A few days after Election Day in the United States, the Spanish took to the polls for their own general elections.
Here is an in-class activity using authentic resources from the participating parties in this past Sunday’s election.
Students will read and discuss campaign messages for the Spanish general election from four different political parties, then cast their ballots for the party of their choice!
About the November 10th Election
On Sunday, November 10th, Spanish citizens took to the polls to cast their ballots for the 14th Cortes Generales of the Kingdom of Spain. This is the second election in less than six months as a result of lack of political majority of either the left or right blocs. The Cortes Generales represents the two legislative chambers of Spain, with the Congress of Deputies (lower house) and the Senate (upper house). Citizens voted to elect the 350 seats of the Congress of Deputies as well as 208 of the 265 seats in the Senate.
In majority of the autonomous communities of Spain, PSOE (Partido Socialista Obrero Español) was the winner by the slight majority followed by PP (Partido Popular), Vox, Unidas Podemos, and Ciudadanos.
PSOE (center-left): total seats – 120, (-3)
PP (right): total seats – 87, (+21)
Vox (far-right): total seats – 52 , (+28)
Unidas Podemos (far-left): total seats – 35, (-7)
Ciudadanos (center-right): total seats – 10, (-40)
What does these results mean?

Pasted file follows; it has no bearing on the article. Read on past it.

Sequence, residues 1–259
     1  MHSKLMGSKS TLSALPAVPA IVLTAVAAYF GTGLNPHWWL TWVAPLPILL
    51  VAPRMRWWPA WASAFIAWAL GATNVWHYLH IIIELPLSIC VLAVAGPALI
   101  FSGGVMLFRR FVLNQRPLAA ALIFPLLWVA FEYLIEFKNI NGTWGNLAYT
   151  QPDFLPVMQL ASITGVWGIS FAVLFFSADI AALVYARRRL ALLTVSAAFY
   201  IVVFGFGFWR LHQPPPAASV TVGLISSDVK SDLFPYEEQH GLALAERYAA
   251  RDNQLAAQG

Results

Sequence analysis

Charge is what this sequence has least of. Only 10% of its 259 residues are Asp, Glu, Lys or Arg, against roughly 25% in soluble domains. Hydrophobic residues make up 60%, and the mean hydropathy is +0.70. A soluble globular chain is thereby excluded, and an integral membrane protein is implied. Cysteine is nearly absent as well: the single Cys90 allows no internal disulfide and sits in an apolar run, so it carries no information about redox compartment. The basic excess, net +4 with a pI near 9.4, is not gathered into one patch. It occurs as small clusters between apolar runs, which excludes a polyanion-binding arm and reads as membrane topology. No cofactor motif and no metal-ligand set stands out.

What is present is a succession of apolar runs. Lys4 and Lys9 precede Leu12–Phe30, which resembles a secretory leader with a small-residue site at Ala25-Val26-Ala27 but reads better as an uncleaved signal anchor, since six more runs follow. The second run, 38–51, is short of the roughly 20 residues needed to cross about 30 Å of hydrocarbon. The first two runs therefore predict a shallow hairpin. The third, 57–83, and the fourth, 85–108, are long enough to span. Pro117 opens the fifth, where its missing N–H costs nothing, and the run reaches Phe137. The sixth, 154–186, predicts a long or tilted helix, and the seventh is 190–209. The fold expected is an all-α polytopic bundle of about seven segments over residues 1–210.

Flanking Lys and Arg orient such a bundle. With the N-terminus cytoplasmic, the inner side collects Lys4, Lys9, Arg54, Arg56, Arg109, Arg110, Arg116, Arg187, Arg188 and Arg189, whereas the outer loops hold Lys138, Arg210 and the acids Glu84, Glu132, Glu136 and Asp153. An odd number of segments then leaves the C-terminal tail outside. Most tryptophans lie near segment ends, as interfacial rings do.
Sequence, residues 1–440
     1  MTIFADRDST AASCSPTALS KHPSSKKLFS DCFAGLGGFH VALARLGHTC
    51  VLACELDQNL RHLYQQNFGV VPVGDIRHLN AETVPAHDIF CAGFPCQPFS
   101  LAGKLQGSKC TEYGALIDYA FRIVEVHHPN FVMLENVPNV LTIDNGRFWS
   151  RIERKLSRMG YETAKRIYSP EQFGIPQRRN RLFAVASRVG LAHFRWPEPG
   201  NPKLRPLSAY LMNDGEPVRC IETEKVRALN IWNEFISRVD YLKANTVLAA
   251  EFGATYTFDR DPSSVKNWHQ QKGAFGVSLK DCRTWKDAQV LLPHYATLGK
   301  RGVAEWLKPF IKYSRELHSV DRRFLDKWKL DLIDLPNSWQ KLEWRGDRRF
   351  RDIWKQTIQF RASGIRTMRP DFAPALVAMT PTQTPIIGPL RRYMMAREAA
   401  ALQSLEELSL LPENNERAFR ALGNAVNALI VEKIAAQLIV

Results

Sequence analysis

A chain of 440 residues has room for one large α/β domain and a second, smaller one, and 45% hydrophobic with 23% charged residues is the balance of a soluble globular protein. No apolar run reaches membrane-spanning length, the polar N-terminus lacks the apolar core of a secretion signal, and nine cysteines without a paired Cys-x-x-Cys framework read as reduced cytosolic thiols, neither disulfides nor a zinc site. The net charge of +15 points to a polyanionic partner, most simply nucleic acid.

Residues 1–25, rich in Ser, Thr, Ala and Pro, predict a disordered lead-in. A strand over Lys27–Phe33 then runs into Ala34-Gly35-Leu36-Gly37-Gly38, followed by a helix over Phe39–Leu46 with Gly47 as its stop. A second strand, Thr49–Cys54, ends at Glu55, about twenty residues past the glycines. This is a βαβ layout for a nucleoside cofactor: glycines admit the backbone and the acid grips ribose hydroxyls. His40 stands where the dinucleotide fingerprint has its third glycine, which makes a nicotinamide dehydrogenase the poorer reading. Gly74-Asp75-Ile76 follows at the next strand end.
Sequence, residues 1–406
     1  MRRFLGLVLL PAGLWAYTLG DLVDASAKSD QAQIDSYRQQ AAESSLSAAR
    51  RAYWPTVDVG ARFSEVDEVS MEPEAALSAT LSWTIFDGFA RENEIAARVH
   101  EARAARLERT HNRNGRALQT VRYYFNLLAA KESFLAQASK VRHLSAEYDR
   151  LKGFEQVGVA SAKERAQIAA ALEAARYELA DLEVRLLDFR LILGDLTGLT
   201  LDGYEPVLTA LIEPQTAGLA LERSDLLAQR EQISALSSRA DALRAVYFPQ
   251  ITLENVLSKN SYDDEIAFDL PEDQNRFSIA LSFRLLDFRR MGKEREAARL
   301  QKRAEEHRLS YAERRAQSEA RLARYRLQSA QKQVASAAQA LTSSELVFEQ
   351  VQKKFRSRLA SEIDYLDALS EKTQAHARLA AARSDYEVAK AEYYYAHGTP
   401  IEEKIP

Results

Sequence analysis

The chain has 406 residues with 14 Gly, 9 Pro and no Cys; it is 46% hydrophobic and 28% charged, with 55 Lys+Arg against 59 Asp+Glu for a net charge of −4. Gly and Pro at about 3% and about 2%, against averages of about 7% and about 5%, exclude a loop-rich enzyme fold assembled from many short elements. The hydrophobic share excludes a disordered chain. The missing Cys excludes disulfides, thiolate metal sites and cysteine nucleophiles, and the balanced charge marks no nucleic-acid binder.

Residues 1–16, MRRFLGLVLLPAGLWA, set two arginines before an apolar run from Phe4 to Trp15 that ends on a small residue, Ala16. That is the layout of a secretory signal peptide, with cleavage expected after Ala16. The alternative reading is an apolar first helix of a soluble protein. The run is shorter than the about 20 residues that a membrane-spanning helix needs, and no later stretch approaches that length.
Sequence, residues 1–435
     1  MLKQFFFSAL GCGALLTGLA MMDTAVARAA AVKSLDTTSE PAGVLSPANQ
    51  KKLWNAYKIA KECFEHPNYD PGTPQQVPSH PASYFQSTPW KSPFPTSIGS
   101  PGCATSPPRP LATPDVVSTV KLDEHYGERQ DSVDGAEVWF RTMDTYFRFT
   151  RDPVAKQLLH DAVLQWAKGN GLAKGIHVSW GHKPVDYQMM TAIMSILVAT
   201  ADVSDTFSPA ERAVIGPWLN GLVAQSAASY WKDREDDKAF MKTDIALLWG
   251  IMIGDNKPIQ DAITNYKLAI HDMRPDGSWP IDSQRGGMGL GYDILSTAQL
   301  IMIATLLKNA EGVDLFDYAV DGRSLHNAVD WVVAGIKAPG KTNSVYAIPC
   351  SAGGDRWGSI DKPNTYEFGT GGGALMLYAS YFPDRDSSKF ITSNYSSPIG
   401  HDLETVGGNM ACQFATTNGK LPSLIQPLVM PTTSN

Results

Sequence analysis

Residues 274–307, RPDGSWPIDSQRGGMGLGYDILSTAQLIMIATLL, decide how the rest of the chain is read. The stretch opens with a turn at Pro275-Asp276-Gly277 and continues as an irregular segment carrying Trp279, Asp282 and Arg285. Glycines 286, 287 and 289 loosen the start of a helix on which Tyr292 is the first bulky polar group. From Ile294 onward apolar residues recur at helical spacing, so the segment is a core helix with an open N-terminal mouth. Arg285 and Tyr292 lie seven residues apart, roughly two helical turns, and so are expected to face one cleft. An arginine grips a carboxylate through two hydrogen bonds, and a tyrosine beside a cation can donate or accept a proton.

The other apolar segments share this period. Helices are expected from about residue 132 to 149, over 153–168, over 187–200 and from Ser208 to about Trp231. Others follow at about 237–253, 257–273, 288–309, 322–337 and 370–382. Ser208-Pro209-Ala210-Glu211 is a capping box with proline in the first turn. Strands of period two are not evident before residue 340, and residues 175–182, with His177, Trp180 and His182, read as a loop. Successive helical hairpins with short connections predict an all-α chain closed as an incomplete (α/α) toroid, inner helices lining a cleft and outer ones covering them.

Neither the left or the right have the 176 seats of 350 seats needed for absolute majority in Congress. This was the fourth election in just a span of seven years to determine either left or right wing majority. According to El Pais, PSOE and PP had mostly swapped turns holding power, but “the economic crisis spawned protest parties and Spanish politics have now become defined by lack of parliamentary majorities”. Thus, political uncertainty in Spain will remain unless party coaliations are made and a majority is reached.
In-class activity: Mock Spanish General Election
Below are sample campaign mailings and messages that Spanish citizens received prior to the election.
In small groups, students will read each mailing/ propaganda and respond to the sample discussion questions below.
After, students can cast their ballots in class to vote for the party they would vote for in the election.
Click on the image below to access the party’s plaform. Have students start on page 8 of the party’s program.
Partido Socialista Obrero Español (PSOE)
Click on the image below to access the party’s plaform. Have students read from pages 5-16.
Sample discussion questions
- How do the different styles of campaigning affect how you perceive each party?
- From reading these letters, how are issues in Spain similar to issues the US is facing today? How are they different?
- How can do Spanish political parties compare and contrast to American political parties?
- If you were a campaign manager working for one of these parties, what campaign message style would you use?
For more information, here are highlights from the November 4th debate.